Gravesend historian Joseph Ditta: According to this advertisement from the program for the Annual Fair of the Epworth League of the Cropsey Avenue Methodist Episcopal Church, August 19-21, 1909, Orloff’s sold dry goods, gents’ furnishings, and shoes.
Bensonhurst had always been identified as 85%-90% Italian-American–at least it seemed to be in the 1970s and 1980s. No longer — Asian immigrants have settled in large numbers, and Russians and other Eastern Europeans have migrated northwest from Brighton Beach.
Help me with this domed HSBC branch at 2301 86th — of course, it used to be a different bank. It likely dates to the 1930s-40s as it’s rife with Machine Age iconography, such as eagles, manly barechested men and comely barebreasted women. Beehives always have symbolized thriftiness but what of the winged wheel and other symbols?
The Licodiesi Brotherhood Society, a social club, reminds us there is still a strong Italian presence. Club members hail from Licodia Eubea, Sicily.
Engine 253, a firehouse east of 24th Avenue, is so nice I shot it twice.
The Parfitt Brothers, the architect of four firehouses in Brooklyn during 1895-96, designed Engine Company 253 (a designated New York City Landmark)… Located in Bensonhurst, one of the first six towns established in Kings County [actually New Utrecht –ed.], the upper stories display multiple step gables…
Step gables, also known as corbie or crow gables were popular in northern Europe from the 14th to the 17th century. Inspired by Gothic and Italian Mannerist sources, the style gained great popularity in Holland during the early seventeenth century. Of the three types of Dutch gables identified by the architectural historian W. Kuyper in Dutch Classicist Architecture, Engine Company No. 258 falls into the category of “proto Baroque.” Though the prominent churches designed by sculptor and architect Hendrick de Keyser (1565-1621) did not incorporate step gables, his flamboyant use of contrasting materials and oversized classical details did have a significant influence on the design of private residences in Amsterdam, particularly canal houses. Crowned by elaborate step gables and sandstone details, these slender multi-story brick residences were imitated by current builders in New Netherlands and were known by subsequent generations through printed images and descriptions. NYC Landmarks Preservation Commission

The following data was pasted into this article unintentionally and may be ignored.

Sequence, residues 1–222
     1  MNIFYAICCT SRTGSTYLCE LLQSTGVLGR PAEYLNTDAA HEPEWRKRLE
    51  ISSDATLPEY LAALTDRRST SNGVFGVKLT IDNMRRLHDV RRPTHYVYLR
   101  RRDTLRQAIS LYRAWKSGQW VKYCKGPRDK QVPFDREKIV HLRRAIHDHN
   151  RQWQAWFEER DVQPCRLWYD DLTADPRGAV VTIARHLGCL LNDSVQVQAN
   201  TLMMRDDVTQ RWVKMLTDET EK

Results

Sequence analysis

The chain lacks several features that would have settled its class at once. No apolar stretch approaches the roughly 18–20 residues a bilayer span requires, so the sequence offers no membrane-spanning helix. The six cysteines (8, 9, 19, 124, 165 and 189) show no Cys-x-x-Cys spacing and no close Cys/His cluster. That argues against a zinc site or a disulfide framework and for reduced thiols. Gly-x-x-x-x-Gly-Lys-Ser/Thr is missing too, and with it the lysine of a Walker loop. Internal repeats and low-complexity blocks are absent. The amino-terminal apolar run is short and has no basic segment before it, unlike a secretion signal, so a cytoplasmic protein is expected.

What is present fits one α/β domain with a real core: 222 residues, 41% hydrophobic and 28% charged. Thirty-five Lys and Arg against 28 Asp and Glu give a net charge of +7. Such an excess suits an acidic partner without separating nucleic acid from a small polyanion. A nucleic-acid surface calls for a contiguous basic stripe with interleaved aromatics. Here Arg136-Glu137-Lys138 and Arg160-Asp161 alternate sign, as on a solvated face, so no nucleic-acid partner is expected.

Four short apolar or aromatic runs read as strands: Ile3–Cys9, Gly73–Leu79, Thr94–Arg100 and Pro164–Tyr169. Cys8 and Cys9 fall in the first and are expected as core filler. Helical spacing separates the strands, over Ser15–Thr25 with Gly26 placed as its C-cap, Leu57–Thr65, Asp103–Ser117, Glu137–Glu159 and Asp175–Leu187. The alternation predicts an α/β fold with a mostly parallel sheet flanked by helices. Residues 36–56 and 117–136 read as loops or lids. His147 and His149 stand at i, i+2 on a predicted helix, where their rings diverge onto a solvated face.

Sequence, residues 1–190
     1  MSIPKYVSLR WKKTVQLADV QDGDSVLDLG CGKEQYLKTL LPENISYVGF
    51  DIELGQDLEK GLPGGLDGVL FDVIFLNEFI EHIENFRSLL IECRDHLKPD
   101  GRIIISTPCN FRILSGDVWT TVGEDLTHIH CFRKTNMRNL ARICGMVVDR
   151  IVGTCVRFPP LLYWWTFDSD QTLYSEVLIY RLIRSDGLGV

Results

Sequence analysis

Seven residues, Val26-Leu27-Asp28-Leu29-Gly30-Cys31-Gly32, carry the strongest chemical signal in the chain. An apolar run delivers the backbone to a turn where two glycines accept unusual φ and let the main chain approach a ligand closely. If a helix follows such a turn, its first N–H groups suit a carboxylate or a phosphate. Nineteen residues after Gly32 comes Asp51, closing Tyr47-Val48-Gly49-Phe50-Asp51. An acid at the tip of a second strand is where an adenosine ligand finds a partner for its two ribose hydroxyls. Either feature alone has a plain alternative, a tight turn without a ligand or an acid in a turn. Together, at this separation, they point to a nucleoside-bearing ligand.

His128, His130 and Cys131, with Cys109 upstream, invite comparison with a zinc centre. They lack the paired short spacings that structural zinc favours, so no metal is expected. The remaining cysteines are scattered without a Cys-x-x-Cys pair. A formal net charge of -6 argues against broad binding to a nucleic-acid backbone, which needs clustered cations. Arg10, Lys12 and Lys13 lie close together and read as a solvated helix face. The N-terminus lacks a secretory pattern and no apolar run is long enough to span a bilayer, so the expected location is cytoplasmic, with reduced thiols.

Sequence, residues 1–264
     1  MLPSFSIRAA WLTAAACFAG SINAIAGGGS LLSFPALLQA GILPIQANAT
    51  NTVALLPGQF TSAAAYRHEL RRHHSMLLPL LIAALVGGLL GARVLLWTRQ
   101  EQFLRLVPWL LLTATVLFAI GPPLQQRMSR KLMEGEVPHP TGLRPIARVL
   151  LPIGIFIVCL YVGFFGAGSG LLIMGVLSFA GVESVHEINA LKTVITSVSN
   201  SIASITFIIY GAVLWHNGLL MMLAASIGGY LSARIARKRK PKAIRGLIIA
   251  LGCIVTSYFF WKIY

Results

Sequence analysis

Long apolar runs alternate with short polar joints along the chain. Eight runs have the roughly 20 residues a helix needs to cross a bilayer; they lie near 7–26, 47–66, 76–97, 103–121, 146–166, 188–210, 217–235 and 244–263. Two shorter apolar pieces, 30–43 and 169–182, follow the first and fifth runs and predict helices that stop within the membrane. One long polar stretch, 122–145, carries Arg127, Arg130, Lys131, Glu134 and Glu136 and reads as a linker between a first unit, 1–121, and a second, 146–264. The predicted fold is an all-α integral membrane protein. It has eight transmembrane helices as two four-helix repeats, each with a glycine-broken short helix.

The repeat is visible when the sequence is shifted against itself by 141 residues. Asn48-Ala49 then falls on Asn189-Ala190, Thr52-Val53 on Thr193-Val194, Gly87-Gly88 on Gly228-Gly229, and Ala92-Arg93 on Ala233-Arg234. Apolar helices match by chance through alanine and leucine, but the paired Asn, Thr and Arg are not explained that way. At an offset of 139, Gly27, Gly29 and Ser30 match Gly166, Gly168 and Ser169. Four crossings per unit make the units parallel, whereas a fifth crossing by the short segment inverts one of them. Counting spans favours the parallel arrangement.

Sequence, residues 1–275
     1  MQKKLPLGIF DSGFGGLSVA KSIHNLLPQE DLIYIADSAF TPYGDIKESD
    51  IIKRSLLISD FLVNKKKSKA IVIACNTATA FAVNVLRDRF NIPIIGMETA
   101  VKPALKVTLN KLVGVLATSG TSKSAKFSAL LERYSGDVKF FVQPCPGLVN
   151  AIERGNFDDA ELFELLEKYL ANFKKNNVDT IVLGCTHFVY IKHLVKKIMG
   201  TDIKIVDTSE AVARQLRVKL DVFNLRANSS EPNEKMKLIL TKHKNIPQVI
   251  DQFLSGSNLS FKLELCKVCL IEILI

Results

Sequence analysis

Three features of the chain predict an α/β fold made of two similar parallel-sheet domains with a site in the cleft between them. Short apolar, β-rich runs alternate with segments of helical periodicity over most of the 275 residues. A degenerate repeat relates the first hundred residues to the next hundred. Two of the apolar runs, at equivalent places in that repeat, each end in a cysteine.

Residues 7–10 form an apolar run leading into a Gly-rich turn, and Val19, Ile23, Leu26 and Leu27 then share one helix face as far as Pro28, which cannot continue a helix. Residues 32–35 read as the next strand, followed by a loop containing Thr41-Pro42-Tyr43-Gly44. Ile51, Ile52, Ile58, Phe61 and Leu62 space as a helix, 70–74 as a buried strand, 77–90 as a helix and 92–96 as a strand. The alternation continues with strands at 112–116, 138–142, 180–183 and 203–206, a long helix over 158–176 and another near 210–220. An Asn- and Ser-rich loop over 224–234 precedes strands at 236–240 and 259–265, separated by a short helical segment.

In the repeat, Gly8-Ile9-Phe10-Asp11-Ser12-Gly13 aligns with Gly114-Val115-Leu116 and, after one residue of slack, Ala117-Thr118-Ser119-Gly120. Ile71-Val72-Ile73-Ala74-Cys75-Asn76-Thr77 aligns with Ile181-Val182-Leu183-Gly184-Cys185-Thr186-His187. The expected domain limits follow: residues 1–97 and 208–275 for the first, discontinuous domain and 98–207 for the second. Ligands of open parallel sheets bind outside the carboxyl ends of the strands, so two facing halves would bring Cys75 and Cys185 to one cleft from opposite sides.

Branch of the Church of Jesus Christ of Latter-Day Saints, known popularly as the Mormon Church, 2455 86th.
It’s fitting that, at the triangle formed by West 13th Street, 86th Street (yes, in Brooklyn 13th Street can intersect 86th) and Avenue U, Antonio Meucci Square is opposite a large Verizon building containing offices, relays and switches.
Meucci was the inventor of the telephone as far back as the 1850s (Alexander Graham Bell was able to obtain a patent for it before Meucci could afford one).